During the 1840s and 1850s, the United States was preoccupied with the attainment of new hand in the west and how to settle the status of whether there lands would be free or slave states.
As a result of the Mexican War, the U. S. men vast new land holdings in the West, fueling a debate between the North and South over the extensions of slavery into the West. This sectional strife over slavery’s extension was a major factor in the eventual commencement of the Civil War.Through accentuating divisions between the North and South over the control of Western lands, the debate over slavery’s extension clearly influenced the Civil War’s coming.
After the U. S. secured vast new land holdings in the Mexican War, the South and North fiercely the contested these lands and moved further apart, highlighting sectional strife. When Northern congressmen supported the Wilmot Proviso banning slavery in all new Western territories, the Southern congressmen mounted fierce resistance, and this polarizing bill accelerated divisions between the two regions.
Although the Compromise of 1850 attempted to reconcile those differences by endorsing the principle of popular sovereignty, whereby western lands had the right to determine for themselves whether they would be free or slave states, the fight to influence the decisions of territories populations on the slavery issued continued. Also, the presence of the Free-Soil Party as a movement opposed to slavery’s expansion in the late 1840s and early 1850s shows the impact of the slavery debate on the nation’s politics.In addition, the Gadsden Purchase of the Mesilla Valley in the Southwest for the construction of a southern continental railroad route fueled the debate over whether the railroad should be built there or through free territory illustrating how crucial the slavery debate was to both the North and South because each region united to dominate the economic development of the West. The Kansas-Nebraska Act and Dred Scott decision accelerated the slavery debate and accentuated tensions between the North and South, pushing the U.S.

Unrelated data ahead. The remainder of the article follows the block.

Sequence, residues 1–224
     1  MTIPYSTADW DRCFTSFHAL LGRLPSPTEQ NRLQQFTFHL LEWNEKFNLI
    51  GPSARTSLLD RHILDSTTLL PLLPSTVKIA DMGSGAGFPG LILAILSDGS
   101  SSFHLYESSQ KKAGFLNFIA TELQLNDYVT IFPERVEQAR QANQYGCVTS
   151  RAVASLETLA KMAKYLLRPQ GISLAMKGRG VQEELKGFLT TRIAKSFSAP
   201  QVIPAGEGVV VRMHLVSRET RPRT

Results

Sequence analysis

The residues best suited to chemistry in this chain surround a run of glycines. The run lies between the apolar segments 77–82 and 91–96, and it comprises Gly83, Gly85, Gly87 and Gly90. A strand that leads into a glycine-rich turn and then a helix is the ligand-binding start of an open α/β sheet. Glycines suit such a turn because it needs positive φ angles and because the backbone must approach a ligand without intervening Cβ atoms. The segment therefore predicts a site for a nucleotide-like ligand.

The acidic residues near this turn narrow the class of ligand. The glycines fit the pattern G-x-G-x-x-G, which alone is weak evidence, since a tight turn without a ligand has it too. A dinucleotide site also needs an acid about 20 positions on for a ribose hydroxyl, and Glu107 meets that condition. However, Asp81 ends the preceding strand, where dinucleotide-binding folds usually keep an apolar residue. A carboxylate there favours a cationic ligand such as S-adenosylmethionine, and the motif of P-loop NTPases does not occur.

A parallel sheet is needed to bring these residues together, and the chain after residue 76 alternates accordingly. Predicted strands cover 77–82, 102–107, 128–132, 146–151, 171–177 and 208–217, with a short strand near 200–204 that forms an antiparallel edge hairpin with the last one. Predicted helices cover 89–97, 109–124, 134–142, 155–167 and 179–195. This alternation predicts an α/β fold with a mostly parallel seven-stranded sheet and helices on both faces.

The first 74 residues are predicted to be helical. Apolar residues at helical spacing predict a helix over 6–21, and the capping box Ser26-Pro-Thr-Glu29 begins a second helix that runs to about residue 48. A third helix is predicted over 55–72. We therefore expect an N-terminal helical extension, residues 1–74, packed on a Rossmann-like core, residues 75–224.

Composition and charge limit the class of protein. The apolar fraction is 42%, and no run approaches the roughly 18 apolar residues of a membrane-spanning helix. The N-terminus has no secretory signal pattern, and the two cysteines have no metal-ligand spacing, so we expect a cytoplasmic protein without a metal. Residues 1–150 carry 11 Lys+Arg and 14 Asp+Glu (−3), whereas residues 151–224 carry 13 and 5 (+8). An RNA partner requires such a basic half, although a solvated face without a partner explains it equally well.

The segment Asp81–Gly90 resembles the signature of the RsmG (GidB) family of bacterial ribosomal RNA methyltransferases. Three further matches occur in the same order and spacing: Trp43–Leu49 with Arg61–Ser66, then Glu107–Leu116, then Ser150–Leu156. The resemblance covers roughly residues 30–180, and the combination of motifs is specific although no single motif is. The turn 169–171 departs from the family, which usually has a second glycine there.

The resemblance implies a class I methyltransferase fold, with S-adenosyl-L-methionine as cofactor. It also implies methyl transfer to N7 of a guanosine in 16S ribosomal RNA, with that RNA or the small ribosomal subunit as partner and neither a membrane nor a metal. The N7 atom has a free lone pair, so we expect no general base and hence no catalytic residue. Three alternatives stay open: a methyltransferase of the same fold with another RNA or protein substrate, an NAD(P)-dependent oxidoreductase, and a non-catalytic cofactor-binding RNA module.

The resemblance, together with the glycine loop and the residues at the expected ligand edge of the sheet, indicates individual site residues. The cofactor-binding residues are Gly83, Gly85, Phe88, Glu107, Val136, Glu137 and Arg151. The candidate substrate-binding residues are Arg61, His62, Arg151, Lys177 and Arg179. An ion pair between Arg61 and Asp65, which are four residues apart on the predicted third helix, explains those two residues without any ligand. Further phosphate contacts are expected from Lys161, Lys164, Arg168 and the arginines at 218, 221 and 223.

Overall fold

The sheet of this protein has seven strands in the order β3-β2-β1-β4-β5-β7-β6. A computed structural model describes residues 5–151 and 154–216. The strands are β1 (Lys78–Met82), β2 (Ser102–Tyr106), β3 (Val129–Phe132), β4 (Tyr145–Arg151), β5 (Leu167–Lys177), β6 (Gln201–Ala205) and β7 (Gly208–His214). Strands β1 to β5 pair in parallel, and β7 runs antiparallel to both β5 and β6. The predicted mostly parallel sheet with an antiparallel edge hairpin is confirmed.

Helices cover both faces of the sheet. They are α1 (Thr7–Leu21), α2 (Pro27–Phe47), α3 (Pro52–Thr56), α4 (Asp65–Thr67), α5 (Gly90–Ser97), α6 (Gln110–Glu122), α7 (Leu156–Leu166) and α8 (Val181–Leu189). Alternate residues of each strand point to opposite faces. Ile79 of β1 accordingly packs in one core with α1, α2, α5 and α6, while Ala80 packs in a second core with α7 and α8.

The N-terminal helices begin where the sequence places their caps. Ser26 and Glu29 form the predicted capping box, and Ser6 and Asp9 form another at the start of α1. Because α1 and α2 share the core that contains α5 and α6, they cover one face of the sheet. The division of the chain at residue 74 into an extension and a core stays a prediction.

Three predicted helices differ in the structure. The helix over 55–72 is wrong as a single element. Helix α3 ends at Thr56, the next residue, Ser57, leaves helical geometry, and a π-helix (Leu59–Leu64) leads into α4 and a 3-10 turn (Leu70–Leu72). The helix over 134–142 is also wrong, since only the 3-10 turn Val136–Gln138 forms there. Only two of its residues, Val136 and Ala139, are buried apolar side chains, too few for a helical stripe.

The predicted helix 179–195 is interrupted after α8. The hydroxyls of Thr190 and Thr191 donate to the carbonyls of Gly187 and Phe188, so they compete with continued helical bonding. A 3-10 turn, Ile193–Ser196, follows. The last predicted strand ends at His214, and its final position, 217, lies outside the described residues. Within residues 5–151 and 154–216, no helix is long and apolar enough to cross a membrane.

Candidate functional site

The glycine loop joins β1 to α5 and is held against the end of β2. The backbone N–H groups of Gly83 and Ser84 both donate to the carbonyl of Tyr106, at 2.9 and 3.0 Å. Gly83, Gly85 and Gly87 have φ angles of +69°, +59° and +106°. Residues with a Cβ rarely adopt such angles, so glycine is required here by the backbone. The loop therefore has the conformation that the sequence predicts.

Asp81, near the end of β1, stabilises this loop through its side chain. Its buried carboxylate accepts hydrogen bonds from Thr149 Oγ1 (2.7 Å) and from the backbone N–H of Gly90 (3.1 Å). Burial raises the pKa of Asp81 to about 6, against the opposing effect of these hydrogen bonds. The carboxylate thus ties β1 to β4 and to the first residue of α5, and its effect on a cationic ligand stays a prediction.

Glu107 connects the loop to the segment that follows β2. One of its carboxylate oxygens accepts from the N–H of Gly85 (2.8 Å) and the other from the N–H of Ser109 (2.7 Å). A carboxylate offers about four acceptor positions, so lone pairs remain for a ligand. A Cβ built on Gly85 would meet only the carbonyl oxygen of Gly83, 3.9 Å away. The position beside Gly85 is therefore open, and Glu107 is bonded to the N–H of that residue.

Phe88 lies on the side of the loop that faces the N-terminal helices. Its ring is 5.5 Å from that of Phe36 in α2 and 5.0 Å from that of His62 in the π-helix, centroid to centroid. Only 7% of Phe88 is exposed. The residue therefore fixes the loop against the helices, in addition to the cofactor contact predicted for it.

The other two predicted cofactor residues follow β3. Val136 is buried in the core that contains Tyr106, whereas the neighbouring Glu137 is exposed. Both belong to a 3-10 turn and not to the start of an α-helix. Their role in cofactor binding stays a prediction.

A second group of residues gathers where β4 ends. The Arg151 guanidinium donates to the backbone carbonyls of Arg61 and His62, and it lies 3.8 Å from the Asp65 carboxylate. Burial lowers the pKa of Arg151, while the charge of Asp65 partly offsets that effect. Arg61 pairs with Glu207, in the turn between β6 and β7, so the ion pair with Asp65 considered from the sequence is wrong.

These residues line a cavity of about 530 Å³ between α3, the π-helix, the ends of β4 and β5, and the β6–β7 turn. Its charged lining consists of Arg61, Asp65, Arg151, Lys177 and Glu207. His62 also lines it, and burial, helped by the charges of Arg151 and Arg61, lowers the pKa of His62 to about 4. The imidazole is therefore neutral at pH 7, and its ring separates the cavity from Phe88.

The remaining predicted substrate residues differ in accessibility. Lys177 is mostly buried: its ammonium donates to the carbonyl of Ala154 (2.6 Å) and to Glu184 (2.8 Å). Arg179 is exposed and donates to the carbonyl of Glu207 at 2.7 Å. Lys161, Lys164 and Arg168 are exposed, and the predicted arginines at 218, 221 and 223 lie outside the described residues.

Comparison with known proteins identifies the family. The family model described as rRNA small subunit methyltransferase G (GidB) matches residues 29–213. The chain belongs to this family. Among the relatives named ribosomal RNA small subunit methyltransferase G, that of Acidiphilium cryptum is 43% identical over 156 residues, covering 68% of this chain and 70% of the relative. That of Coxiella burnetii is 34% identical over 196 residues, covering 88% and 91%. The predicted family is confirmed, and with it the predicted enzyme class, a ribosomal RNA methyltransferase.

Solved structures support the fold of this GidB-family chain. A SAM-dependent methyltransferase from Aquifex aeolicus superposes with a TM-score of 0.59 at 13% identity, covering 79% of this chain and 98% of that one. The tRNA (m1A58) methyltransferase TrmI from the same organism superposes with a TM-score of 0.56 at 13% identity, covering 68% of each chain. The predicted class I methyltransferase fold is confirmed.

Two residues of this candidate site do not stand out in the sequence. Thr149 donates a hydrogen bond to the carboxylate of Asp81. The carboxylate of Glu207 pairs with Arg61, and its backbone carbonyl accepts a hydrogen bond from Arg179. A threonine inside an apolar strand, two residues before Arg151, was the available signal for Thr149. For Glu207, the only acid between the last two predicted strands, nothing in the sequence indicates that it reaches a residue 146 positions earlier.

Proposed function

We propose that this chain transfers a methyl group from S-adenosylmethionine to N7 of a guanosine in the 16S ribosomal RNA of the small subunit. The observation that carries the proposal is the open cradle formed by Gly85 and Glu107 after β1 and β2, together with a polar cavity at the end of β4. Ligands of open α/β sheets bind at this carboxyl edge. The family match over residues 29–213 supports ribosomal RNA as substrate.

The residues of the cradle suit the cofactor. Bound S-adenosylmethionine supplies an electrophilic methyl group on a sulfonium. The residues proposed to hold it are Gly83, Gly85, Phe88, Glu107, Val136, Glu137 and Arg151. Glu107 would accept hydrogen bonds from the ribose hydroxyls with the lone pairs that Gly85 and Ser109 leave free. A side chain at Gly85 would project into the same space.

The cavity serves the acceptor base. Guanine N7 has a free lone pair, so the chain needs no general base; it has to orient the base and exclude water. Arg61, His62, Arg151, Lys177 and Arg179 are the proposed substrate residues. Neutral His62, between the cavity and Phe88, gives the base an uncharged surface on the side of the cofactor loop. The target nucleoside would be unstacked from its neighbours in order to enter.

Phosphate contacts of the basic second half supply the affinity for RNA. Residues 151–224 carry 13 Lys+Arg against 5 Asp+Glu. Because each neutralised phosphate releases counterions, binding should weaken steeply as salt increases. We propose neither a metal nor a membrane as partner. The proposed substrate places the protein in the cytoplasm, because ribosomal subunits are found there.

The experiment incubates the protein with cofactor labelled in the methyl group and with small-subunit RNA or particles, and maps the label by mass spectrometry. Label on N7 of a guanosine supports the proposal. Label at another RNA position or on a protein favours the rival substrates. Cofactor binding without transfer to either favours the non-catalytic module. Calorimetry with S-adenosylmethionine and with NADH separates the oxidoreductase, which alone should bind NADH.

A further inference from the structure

closer to the Civil War. Passed in 1854 as a compromise bill, the KansasNebraska Act established popular sovereignty in the two territories of Kansas and Nebraska, sparking a fight over whether they would choose to be free or slave states. In addition, the Kansas-Nebraska Act overturned the Missouri Compromise of 1820, which had held the nation together by pacifying both regions, by allowing slavery north of the 36’30 line.So, this law caused an uproar in the North, leading to an increasingly polarized political environment in which neither side was willing to compromise. Consequently, both pro-slavery and anti-slavery partisans flooded Kansas and battled in the “Bleeding Kansas” conflict over whether the territory would be a free state or slave state.
After the debate turned violent, with bloody episodes like antislavery partisan John Brown’s organized massacre of proslavery forces in the 1856 Pottawatomre Massacre, the North and South forces became even more apart.In addition, when the Supreme Court issued the 1857 Dred Scott decision that essentially opened up the West to unlimited expansion of slavery, Northern abolitionists, Northern Democrats and Free-soilers united around the Republican Party, which was strengthened politically by the North’s reaction to the Court’s decision. The Republican Party’s formation and the victory in the 1860 presidential election of its nominee, Abraham Lincoln, continued South Carolina to initiate the Southern states’ rush out of the US when it seceded in December 1860 in response to fears that Lincoln would attempt the outlawing of slavery in all Western lands.So, the debate over slavery’s extension clearly was the prime cause for the start of the Civil War. By pushing the North and South to opposite sides, and by creating a polarizing environment, the debate over slavery’s extension into the West was a major motivator for the Civil War. The debate which caused fierce political fights over the Kansas-Nebraska Act, Dred Scott decision, Gadsden Purchase and Wilmot Proviso, truly accentuate sectional strife.
The Southern states’ decision to secede and the subsequent start of the Civil War the following year are a clear consequence of the debate.